In fact, thesecond-to-lowest20% of the country — households making between $20,001 and $38,043 — get back about 0.4% more income tax than they pay; for families who make less than $20,000, it’s about 6.8%.

Some conservatives — notably on the Tumblr blogWe are the 53%— have taken these numbers to heart, arguing that this means the bottom 47% is getting a free ride. But the 53%/47% division is a bit misleading.

To begin with, almost all households pay state taxes, Medicare tax, Social Security tax, excise taxes, sales taxes, and a raft of other government fees. When this broader, and more accurate, assessment of taxation is used, the 47% doesn’t look to be getting off so easy: Thesecond poorest quintile— the ones that got 0.4% of their income tax back — still paid more 10% of their incomes in various federal taxes.

In fact, when everything is factored in, 86% of the country pays more than it gets back in federal taxes.As for the rest, it’s not the split you might expect: More than half (8% of Americans) are senior citizens receiving Social Security.

And that last 6% — the ones who really pay nothing to the federal government? They are unemployed, disabled, in school, or making very low incomes. But even this small group pays state and local taxes, sales taxes, and other government fees.

Where the Poor Pay More


When it comes to percentage of income, the line is even clearer: For some taxes, the bottom 20% of the Americans pay more than the top 20%. For example, a household on the bottom pays almost 54% more of its income into Social Security than a household on the top. The same goes for excise taxes — fees attached to certain commodities like gasoline and alcohol: As a percentage of income, the poorest 20% pays more than four times as much as the richest 20%.

occupyharvard
American youth have realised the dream they have been prepared for won’t happen - now they fight for a fair future.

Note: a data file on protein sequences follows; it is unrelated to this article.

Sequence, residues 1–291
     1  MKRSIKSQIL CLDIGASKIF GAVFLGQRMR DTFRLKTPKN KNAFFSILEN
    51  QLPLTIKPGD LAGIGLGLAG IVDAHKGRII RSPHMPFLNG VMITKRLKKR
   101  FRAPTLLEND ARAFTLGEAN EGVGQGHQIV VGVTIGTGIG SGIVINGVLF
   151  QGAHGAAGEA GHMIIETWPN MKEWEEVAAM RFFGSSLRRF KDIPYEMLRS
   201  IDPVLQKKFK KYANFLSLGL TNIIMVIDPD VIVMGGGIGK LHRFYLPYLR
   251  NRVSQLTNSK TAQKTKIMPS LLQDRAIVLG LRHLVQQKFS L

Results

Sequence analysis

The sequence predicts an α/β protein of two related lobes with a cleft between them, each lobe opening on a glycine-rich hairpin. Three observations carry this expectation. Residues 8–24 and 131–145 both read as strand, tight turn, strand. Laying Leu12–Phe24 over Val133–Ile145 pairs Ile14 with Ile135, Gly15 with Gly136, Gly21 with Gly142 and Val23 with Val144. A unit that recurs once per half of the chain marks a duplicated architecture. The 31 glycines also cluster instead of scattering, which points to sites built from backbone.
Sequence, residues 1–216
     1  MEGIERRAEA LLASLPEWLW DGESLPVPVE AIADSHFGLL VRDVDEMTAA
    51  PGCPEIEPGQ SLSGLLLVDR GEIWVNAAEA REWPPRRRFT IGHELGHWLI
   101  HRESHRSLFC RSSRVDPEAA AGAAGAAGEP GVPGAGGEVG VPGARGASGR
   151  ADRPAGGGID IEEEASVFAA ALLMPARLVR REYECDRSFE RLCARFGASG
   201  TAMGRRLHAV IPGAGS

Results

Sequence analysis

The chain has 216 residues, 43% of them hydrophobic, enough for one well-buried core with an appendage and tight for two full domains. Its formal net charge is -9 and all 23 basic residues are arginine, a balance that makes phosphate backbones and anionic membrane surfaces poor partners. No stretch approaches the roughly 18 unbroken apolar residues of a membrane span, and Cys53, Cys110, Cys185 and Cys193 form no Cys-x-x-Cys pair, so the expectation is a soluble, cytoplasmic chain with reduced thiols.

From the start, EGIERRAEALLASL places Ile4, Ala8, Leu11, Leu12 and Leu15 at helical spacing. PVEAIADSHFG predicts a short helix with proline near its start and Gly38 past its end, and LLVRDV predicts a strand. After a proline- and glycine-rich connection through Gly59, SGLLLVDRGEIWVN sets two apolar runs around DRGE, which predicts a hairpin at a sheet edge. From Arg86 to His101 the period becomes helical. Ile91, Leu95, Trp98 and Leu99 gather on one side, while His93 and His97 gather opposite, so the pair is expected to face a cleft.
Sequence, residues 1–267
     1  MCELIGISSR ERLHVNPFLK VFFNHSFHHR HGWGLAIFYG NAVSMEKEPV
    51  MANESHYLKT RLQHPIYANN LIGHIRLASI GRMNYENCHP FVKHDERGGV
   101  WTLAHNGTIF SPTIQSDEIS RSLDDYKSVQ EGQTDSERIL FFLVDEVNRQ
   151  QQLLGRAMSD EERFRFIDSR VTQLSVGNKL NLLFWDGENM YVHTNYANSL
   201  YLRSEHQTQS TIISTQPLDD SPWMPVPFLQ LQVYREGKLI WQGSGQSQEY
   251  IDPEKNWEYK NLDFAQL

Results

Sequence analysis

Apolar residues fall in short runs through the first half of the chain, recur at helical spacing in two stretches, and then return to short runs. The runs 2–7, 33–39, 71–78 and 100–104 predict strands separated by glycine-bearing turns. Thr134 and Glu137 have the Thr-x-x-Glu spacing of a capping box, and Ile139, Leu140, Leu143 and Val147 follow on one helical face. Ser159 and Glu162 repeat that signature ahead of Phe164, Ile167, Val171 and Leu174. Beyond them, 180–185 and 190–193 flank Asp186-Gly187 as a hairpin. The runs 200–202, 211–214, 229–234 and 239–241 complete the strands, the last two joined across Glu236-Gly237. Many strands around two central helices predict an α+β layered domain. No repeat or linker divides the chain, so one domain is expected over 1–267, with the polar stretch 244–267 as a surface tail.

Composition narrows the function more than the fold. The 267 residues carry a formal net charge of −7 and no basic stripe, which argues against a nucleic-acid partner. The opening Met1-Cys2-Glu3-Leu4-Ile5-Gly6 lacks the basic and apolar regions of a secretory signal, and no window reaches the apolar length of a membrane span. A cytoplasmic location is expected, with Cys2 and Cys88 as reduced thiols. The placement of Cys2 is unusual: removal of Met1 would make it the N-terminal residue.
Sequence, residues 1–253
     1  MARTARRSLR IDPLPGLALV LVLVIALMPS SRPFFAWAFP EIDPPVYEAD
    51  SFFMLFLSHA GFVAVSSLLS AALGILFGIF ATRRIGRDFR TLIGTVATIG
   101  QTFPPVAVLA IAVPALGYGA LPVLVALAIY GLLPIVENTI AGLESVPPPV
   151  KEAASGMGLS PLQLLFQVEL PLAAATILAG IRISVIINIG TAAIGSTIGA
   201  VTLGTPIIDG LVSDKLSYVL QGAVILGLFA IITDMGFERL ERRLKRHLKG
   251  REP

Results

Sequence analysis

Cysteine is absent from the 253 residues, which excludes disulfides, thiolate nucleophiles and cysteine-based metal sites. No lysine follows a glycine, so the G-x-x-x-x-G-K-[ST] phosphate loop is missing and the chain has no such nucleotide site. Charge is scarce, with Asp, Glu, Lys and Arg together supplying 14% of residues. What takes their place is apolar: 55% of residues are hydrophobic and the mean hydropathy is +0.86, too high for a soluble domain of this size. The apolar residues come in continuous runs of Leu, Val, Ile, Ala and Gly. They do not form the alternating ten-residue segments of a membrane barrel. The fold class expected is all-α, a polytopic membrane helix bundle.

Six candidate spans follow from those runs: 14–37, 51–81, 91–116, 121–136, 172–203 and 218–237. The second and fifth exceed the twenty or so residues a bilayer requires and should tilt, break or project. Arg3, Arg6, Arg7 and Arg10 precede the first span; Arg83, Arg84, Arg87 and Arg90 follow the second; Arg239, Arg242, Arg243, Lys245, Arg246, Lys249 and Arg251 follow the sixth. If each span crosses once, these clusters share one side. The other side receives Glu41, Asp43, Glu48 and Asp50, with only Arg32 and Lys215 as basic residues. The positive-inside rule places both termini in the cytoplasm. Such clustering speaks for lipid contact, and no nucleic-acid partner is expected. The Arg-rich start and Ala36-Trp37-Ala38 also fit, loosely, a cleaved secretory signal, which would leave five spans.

Something is unravelling in America. The dream, the purpose and the drive are worn and tired. The people are under siege.


In Boston - an American city with a storied revolutionary past - an Occupy nucleus quickly took root and developed. Protesters here channelled the city’s potent symbolism by building their encampment across the street from the Federal Reserve Bank of Boston. Shortly thereafter thousands of labour union members, regular citizens and students from local universities joined the Occupy Boston movement to march for the restoration of their economic and political rights.

Weeks later, on November 9, several hundred students, faculty and staff and members of the community employed the lessons learned in New York and Boston to occupy Harvard.


We collected in the heart of the university, marched along its breadth and out into the surrounding community to protest university policies. Most visibly, there is evidence that Harvard holds investments in funds that derive profits from speculative land acquisition in Tanzania.


Harvard and the one per cent


Nor is it clear that a code of ethics is being effectively communicated to young and impressionable students. An outsized number of undergraduates here - roughly 20 per cent of every class - enter the financial services industry upon leaving the university.

Or as Public Policy Professor Tim McCarthy put it to me, “At Harvard, we would like to believe that this is an institution that works solely on behalf of the broader good, and there are many instances where we try to do just that. But in reality Harvard, as an institution, is also a factory that produces the one per cent, the very people who have caused a great deal of our present suffering.”

Indeed, the university has likely produced more privilege than any other in America. While that alone is not a meaningful indictment, too many students employ their privilege in service of their own needs, often at the expense of their fellow citizens. Their decisions are the rational product of a society that has failed to provide them with better choices.